Georgia signs ‘foreign influence’ bill into law.

Georgia signed into law controversial “foreign influence” legislation on Monday, prompting its pro-European opposition to promise far-reaching political reforms if it wins elections in October.

The law, which critics say is modeled on Russian legislation used to stifle dissent, has sparked weeks of daily protests in the capital Tbilisi and condemnation from Georgia’s Western partners.

Brussels warned the move would derail the Black Sea nation from its path to European Union membership, and the United States has also threatened Georgian officials with individual travel bans.

Despite those warnings, the speaker of Georgia’s parliament, Shalva Papuashvili, signed the measures into law on Monday — the final stage of approval after the chamber voted last week to override a veto by President Salome Zurabishvili.

“Today I signed the law on the transparency of foreign influence, the main objective of which is to strengthen the sustainability of Georgia’s political, economic and social systems,” Papuashvili said in a statement.

The measures require NGOs and media outlets that receive at least a fifth of their funding from abroad to register within two months as “organisations pursuing the interests of a foreign power”.

The plans sparked nearly two months of daily mass protests, with police using tear gas and water cannons to disperse rallies, beating and arresting demonstrators.

– Pro-EU Charter –

The measures exposed and deepened divisions in Georgian society ahead of parliamentary elections scheduled for October 26.

The vote is seen as a key test of Georgia’s democracy more than 30 years after Tbilisi gained independence with the breakup of the Soviet Union.

On Monday, almost all of Georgia’s opposition parties began signing a pro-European policy charter proposed by President Zurabishvili in an attempt to create a united front ahead of the vote.

They have agreed to pursue far-reaching electoral, judicial and law enforcement reforms through a multi-party interim government if they win enough seats in parliament to secure a majority.

Snap elections were to be called next year, the groups agreed.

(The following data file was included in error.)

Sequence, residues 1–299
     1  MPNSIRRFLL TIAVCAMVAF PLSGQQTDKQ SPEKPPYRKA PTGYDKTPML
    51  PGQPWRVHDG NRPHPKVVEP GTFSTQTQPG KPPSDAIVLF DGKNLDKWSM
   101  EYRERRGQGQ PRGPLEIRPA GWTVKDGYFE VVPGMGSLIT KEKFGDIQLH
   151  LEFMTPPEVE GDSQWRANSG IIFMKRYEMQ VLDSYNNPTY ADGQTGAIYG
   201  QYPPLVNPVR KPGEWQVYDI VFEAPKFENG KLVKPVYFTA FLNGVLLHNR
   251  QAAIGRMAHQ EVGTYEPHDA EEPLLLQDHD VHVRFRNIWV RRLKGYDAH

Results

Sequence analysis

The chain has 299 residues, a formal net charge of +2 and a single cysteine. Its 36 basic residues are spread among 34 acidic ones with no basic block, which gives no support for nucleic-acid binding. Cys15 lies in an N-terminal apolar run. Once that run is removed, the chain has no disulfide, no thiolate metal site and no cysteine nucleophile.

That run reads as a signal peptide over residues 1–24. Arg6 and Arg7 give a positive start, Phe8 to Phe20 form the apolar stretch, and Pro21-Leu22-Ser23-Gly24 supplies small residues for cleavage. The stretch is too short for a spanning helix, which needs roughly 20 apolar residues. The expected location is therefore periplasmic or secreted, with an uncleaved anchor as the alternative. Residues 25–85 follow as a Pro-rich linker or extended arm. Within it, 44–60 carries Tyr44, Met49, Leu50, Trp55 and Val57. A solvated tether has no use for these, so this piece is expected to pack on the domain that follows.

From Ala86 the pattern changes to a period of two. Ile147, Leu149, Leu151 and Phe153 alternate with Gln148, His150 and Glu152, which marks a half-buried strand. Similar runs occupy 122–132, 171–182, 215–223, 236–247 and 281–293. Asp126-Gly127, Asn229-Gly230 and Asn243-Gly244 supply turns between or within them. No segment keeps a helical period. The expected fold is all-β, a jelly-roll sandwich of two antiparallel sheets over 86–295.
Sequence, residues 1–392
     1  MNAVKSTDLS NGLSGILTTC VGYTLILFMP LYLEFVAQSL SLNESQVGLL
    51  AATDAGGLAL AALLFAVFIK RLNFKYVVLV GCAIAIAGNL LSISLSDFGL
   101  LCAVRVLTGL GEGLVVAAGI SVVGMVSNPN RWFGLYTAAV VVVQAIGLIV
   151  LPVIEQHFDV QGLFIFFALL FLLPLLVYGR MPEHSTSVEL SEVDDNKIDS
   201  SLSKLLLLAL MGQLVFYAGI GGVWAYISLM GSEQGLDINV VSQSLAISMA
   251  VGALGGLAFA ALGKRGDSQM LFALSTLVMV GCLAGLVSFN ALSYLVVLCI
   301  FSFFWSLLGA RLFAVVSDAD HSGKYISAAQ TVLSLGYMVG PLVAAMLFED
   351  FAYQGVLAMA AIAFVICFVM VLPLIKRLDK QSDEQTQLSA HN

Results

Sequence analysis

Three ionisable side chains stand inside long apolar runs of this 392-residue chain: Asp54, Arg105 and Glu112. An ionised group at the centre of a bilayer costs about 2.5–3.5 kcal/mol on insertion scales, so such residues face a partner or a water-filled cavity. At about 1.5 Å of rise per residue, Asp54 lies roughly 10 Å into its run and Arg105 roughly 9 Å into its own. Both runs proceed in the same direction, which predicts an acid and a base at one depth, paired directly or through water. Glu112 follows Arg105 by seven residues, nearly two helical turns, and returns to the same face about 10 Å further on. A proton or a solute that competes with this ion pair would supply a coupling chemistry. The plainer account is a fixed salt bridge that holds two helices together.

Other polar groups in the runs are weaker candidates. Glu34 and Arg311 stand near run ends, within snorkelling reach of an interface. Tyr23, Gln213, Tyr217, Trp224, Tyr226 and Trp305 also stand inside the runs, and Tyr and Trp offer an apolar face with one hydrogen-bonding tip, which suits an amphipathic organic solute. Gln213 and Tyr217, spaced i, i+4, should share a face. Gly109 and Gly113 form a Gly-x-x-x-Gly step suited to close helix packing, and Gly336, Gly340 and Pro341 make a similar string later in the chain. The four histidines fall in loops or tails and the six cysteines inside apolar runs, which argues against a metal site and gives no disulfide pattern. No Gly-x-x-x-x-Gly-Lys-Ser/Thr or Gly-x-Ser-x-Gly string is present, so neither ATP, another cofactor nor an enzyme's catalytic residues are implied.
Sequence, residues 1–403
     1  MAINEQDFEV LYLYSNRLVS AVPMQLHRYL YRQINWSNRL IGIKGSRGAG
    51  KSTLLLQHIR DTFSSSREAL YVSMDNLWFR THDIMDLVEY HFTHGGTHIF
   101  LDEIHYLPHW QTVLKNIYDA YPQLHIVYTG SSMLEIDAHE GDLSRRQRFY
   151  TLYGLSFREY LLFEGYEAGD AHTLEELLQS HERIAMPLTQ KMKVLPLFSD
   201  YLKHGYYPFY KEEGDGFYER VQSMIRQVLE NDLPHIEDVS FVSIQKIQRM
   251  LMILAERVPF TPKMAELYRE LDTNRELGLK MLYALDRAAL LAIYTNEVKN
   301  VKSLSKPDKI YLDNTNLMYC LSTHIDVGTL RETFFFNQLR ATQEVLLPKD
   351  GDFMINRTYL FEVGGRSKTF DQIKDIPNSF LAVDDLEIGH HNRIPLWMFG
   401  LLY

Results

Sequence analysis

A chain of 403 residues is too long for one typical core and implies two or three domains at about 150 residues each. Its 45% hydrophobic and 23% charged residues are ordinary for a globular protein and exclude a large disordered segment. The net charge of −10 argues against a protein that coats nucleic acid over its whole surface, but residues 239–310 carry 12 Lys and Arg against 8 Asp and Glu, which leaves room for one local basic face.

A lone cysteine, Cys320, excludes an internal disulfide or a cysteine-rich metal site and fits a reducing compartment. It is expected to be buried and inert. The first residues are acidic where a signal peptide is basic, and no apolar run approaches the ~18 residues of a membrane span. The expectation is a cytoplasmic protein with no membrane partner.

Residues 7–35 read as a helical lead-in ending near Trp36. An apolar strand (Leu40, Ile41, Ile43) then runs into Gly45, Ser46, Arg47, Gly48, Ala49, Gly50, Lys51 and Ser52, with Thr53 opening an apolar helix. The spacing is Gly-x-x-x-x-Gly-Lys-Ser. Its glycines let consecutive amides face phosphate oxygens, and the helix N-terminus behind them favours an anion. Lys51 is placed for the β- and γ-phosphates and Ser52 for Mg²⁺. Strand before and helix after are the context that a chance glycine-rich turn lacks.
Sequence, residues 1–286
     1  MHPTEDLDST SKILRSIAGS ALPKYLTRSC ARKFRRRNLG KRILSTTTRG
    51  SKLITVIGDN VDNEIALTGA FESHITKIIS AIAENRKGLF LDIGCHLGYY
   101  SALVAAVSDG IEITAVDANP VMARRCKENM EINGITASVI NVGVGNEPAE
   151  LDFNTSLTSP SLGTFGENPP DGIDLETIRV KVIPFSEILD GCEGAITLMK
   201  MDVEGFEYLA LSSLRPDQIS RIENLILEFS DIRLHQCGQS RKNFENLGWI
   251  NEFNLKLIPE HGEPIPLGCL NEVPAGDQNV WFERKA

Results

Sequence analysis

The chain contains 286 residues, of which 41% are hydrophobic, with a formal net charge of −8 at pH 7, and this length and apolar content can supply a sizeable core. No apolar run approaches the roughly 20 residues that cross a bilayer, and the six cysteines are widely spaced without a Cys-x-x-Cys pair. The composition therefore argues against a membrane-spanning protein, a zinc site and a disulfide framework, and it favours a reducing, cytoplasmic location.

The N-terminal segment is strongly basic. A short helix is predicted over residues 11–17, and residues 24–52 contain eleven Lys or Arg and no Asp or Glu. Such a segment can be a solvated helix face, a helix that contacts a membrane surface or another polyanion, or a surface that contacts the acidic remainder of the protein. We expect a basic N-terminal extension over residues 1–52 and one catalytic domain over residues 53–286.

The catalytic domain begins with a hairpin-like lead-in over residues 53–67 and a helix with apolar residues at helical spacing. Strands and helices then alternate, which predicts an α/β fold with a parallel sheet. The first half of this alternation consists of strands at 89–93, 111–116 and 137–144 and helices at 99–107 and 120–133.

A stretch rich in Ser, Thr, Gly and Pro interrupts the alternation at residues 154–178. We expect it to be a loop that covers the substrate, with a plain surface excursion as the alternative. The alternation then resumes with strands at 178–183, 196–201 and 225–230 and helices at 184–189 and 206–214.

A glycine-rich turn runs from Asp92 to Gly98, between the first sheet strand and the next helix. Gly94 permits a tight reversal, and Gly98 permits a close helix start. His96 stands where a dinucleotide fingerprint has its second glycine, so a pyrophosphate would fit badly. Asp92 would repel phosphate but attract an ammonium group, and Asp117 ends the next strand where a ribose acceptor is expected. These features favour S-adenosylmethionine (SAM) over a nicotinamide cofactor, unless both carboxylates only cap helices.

The plan would involve revoking the “foreign influence” law and several other pieces of legislation adopted by Georgian Dream, which the opposition says are “detrimental to Georgia’s European course”.

Among the groups that signed the pact was the country’s main opposition force, former president Mikheil Saakashvili’s fervently pro-Western United National Movement.

“Georgian voters expect the opposition to show unity in the run-up to the elections,” Tina Bokuchava, one of its leaders, told AFP.

– “Transparency” –

Dozens of Georgian NGOs have vowed to defy the “foreign influence” law and appeal to the country’s Constitutional Court and the European Court of Human Rights.

The Georgian Dream faces mounting accusations that it has steered the country away from its Western trajectory and back into Russia’s orbit.

These accusations have intensified since Russia invaded Ukraine in 2022 and with the passage of the “foreign influence” law.

The party says it is committed to Georgia’s European aspirations and says the law will ensure “transparency” regarding Western-funded groups it says are undermining the country’s sovereignty.

Georgian activists, independent journalists and opposition politicians have also accused the government of a concerted campaign of violence and threats against NGO leaders.

Georgia’s accession to the EU is enshrined in the country’s constitution and supported – according to opinion polls – by over 80% of the population.

Tbilisi was granted EU candidate status last year, but Brussels has stressed the need for “significant and irreversible” reforms in areas such as the judiciary, oligarch power and media freedoms.


FOX28 Spokane©